The presidential announcement and the change of government that immediately followed it on January 15th officially inaugurate the much-awaited succession operation, establishing the mechanisms whereby power will be preserved in the hands of the ruling elite. The key element in this operation is the “continuity” within the framework of personal power. That is, in one or another capacity, Putin will preserve the control over decision-making after the expiration of his fourth presidential term. The proposed constitutional amendments offer several possible scenarios of power for him: as the chairman of the State Council, the status of which will be seriously enhanced, as the head of the State Duma (the lower chamber of the Parliament) or the Council of the Federation (the upper chamber), both of which might also be empowered. Finally, given Putin’s ambiguous statement about the possibility of a Constitutional amendment on presidential term limits, there is the possibility of a third consecutive term. Whatever the case, to accomplish its goal—changing the constitution to preserve its power,—the ruling elite has to present it as enjoying popular support. This is why in the official discussions of “the package” of constitutional reforms to be presented to a plebiscite one hears items difficult to argue against such as a raise in minimal wage, the necessity for a “dignified pension,” an increase in child benefits, and so on. It is clear that every one of these items does not represent a meaningful turn towards increasing welfare spending but rather, a maneuvere meant to distract the voters for the larger purpose of the constitutional amendment. As a result, our main task is to expose the whole “succession” scheme” and any attempt to represent it as a long-awaited reform towards some kind of “liberalization.” The existing scheme—both anti-democratic and anti-social—could be changed only with the active participation of Russian society, with the struggle of workers and all oppressed people for their rights.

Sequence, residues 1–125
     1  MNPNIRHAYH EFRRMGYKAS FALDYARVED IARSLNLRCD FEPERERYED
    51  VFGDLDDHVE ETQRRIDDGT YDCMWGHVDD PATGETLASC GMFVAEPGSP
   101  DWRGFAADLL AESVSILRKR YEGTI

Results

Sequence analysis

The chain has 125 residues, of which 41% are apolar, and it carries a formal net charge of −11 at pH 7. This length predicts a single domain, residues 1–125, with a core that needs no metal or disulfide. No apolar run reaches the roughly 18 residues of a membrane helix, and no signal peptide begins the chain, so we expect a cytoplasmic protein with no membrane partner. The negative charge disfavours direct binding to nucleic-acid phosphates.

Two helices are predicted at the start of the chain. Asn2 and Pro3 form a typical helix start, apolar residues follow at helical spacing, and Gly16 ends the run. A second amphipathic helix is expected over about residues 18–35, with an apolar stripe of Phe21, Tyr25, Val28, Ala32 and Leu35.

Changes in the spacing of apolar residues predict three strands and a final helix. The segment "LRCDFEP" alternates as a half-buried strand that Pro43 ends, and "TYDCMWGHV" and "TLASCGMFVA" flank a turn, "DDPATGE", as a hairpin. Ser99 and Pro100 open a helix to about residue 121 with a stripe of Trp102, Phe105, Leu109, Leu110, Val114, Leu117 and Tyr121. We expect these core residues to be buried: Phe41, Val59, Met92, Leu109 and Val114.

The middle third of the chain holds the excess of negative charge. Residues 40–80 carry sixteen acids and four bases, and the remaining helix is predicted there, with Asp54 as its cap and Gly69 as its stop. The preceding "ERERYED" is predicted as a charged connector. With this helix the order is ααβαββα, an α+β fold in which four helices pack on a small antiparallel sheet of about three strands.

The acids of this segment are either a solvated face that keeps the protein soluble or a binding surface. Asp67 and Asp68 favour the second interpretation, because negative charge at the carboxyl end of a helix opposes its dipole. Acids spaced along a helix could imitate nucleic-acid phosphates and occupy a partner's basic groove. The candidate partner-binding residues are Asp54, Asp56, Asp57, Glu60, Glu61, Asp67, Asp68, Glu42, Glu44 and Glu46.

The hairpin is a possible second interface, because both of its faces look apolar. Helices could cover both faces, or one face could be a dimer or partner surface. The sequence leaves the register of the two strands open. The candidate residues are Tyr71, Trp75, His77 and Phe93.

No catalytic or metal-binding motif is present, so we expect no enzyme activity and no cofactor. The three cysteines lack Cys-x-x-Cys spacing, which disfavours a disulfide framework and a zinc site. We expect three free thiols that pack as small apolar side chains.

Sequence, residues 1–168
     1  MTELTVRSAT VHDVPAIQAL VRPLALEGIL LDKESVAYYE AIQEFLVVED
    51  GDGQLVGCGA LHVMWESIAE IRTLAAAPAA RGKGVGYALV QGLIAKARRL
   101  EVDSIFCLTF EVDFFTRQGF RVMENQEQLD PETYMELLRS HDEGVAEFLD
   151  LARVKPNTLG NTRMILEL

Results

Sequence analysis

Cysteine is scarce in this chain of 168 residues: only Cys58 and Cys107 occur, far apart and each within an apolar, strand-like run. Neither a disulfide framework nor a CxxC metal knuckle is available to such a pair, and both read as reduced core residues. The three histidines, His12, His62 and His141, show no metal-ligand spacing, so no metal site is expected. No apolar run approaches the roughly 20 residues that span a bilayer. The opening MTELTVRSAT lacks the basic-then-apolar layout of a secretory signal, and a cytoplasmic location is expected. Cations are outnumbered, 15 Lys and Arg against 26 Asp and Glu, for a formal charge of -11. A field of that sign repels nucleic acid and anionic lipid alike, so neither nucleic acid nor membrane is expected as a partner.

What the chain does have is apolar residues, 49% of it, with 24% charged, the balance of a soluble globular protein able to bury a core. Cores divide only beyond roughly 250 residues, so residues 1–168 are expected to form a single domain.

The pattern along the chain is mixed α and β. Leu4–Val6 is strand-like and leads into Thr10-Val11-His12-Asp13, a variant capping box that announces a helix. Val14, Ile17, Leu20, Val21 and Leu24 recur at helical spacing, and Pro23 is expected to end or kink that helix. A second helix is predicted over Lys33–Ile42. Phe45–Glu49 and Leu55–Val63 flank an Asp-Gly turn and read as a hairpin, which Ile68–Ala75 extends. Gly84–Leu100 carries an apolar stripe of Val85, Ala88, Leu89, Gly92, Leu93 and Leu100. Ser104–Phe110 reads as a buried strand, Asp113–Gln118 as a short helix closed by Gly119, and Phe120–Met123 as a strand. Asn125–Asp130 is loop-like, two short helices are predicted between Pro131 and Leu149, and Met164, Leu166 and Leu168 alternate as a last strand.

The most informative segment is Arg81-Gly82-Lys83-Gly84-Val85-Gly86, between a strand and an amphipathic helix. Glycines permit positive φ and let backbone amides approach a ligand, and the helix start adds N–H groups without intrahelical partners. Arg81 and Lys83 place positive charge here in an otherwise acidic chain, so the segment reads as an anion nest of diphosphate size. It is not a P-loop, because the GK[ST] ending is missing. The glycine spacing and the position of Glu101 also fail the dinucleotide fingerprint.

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The Sutjeska and Bijeljina monuments appear to stand for two profoundly divergent worlds, one symbolizing the cosmopolitan and antifascist past of socialist Yugoslavia, the other embodying the hyper-nationalist and segregationist present of post-Yugoslav states. Yet both monuments were made by the same sculptor. A ..